Thursday, April 25, 2013

It's Everyone Else's Fault©



I have a question: Why aren’t you everything you could be?

I’ll give you a second to come up with your best excuses—although we’ve outsourced most things to China, we are still great at manufacturing excuses. We so often blame our mothers, our circumstances, our height, our looks, our upbringing, our spouses, our society etc., for what we’ve become and who we are. But my question still stands: Why aren’t you everything you could be? Who really is to blame for what we are not? Each one of us has a unique talent. Yet, so many of us have an unrequited dream of what we could have been and what we yet can be. It’s quite unfortunate that while our aspirations have taken us to ambitious heights, our excuses keep us strapped to the TV-room couch or the therapist’s.  Click to subscribe

“Well,” you might ask, “aren’t we entitled to have excuses and reasons for why things just can’t be, after all, we are human?”  For the moment, I’ll curb my tongue and let Adrianne Haslet-Davis answer that question. No, she is not a famous psychologist or philosopher on life, but she should be. She’s not pontificating from the self-inflated towers of academia, but from a hospital bed.  Adrianne Haslet-Davis, is the 32 year-old dancer who lost her foot in the terrorist bombing at the Boston Marathon. She told the Boston Herald, “I can’t let some (expletive) come along and steal my whole life," she said. "So, I’ll dance again. And next year, though I’ve never been a runner, yes, I plan to run the marathon." How can anyone more boldly teach us that when life kicks your teeth in, we bravely must keep on smiling?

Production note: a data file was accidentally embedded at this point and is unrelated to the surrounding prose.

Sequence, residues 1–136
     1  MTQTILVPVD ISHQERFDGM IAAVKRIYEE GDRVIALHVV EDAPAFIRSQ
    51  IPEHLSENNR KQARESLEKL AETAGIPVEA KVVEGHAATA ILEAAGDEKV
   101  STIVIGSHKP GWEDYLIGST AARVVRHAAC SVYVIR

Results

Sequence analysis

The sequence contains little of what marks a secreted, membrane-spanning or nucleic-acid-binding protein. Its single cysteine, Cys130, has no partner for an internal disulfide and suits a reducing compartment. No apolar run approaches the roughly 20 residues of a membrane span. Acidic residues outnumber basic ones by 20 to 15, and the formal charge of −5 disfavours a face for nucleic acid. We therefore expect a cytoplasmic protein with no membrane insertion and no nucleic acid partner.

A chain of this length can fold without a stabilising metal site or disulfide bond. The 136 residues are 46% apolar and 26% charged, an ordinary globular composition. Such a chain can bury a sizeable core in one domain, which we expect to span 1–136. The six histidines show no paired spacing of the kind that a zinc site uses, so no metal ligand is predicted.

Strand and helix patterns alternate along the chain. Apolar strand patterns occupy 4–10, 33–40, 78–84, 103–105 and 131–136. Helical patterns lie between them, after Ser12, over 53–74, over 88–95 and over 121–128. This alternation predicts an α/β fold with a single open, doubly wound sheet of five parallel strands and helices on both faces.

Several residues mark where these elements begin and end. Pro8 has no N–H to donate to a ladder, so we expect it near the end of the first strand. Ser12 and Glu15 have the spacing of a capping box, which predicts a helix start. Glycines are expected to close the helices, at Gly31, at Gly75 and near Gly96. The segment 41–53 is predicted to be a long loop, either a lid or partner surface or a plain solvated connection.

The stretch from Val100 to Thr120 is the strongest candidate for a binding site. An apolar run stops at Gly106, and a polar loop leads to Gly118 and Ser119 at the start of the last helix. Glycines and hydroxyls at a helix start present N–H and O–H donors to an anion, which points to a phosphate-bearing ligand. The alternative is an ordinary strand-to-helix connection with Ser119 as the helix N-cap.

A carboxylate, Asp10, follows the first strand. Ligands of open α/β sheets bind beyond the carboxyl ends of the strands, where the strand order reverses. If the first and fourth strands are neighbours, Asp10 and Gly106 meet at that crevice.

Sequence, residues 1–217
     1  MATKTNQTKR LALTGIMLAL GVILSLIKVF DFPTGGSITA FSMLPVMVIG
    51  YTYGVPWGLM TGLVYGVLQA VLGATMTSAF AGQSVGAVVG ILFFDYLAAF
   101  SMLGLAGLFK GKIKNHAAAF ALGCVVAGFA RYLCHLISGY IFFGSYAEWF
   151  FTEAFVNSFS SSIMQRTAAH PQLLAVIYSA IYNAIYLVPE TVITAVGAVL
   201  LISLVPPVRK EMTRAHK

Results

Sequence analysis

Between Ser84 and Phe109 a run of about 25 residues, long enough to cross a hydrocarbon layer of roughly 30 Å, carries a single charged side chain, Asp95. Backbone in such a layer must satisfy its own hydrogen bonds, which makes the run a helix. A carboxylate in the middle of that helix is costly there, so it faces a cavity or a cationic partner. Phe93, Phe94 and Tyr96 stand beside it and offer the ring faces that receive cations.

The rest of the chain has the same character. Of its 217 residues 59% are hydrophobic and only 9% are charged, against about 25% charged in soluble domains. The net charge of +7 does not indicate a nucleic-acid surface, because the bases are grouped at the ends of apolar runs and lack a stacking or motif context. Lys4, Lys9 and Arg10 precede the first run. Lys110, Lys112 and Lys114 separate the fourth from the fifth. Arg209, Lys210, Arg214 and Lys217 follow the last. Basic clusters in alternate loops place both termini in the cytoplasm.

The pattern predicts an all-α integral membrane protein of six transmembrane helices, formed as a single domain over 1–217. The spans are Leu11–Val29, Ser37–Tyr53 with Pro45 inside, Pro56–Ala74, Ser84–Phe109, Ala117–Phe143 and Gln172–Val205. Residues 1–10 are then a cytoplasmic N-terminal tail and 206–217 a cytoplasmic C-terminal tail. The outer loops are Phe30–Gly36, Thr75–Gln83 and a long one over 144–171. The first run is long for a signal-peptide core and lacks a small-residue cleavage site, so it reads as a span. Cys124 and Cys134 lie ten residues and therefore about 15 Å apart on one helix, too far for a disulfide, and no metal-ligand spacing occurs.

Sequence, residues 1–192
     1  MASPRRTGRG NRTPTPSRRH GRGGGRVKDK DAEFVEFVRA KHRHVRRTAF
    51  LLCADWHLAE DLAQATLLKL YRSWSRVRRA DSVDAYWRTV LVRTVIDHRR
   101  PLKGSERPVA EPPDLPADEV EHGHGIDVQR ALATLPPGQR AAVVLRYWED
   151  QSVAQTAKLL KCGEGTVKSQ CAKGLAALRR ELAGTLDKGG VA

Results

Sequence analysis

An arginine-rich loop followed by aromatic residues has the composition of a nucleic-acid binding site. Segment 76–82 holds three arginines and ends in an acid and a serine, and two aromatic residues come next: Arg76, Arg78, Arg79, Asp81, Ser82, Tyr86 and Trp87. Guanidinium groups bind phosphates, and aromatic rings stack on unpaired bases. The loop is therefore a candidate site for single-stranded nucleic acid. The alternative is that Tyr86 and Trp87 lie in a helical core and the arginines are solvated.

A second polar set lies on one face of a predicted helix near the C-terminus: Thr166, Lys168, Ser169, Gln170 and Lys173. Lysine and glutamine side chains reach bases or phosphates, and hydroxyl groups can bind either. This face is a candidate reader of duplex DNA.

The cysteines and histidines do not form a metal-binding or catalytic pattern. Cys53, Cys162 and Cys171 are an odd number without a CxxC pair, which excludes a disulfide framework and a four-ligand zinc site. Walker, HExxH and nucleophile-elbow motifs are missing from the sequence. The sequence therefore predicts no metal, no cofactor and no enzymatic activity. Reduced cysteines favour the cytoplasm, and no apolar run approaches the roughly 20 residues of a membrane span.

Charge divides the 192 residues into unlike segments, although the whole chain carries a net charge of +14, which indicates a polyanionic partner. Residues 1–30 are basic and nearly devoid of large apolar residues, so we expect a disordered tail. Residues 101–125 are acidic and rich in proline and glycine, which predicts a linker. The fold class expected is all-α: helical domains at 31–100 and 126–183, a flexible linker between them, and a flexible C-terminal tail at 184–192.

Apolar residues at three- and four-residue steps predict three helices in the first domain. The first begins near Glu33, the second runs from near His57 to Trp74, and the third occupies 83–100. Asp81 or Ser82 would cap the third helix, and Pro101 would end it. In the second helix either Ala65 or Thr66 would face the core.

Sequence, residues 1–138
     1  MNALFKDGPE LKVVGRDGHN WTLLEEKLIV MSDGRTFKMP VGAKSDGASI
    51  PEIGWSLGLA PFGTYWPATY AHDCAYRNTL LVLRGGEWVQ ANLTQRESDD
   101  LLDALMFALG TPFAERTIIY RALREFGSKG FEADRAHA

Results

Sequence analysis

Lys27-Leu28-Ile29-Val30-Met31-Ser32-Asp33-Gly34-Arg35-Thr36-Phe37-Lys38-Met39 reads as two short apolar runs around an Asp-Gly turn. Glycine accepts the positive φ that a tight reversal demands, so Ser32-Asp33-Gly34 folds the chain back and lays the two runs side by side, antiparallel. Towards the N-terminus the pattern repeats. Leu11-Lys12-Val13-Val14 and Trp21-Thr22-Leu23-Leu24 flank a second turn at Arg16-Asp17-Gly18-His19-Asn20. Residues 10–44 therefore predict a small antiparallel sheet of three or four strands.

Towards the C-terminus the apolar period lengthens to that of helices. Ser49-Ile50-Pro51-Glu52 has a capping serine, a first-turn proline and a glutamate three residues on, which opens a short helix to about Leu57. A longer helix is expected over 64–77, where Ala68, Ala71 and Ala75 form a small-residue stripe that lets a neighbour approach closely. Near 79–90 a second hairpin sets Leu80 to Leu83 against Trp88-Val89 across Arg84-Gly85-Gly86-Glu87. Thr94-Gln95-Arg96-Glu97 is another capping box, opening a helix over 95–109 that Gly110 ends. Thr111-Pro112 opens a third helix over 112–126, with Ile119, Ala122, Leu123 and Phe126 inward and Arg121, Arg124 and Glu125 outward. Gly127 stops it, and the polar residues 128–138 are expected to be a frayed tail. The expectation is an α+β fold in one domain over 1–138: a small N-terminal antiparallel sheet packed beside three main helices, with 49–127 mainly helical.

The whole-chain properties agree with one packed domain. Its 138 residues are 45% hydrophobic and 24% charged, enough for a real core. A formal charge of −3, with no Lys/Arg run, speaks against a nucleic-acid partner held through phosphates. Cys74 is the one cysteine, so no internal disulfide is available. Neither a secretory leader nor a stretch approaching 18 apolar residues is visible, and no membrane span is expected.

An interesting detail stood out for me while watching the news coverage of the bombing. Forensic experts explained that even the impact of such a huge explosion would not erase the DNA evidence of the perpetrators. It dawned on me that even the potency of such a murderous device cannot destroy the fundamentals of who we are.  A true dancer will still be a dancer even without a foot. 

It is precisely because we are humans that we are NOT entitled to excuses. It is because we humans are made in G-d’s image that we have no right to give up on our own potential no matter how hard things are or what we’ve been through. Our soul attaches us to an infinite source where all things are possible while we are still in the land of the living. And just as a bomb can't blow up DNA, we can't let life's hardships blow us apart either. Yet, sadly, many of us cut off our own potential and terrorize ourselves into not doing things that we really can do and should do. The most important and impactful words in history were passed along to humanity, not by a skilled orator, but rather by a man who had a speech impediment: Moses. A true leader will lead even with a stuttering tongue.

Interestingly, the Torah calls Israel the Land of Milk and Honey. Yet, I’m sure the pioneers who got malaria and broke their backs tilling a parched desert had a few other names for it.  Still, 65 years later Israel has become one of the most innovative countries in the world spreading its technologies and medical advancements across the globe. A desert was turned into verdant fields of opportunity. A true land of milk and honey will flourish and bloom even where there is ruin, rock and rubble. 

Perfection my friends is not the starting point, it is mankind’s ever evasive destination. Don’t be afraid to try and get started because you’re not perfect. We are all broken one way or another.  Just recognize your G-dly partner in life and then the only thing you will not be able to do is to manufacture more excuses.                                           Click to subscribe
   

In this week’s Torah reading we read about priests who are disqualified from serving in the Temple because they had a blemish. But the Zohar teaches that the disabled have greater merit than the rest of us; and for precisely this reason they cannot work in the Temple.1 
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Thursday, April 18, 2013

Put Up--But Don’t Shut Up!©

Mothers can really be annoying. They’re always repeating themselves. Haven’t all our mothers told us at one time or another, “For the hundredth time, I’m telling you blah, blah, blah….” Why do they do that? Just tell me once and stop already! But the very simple answer is that when you love something or someone, whether it is your child, or America, or the State of Israel, or freedom, or the Constitution, you never stop talking. To surrender to the silence with the belief that you’ve spoken up enough and are fed up is nothing short of traitorous and gross negligence.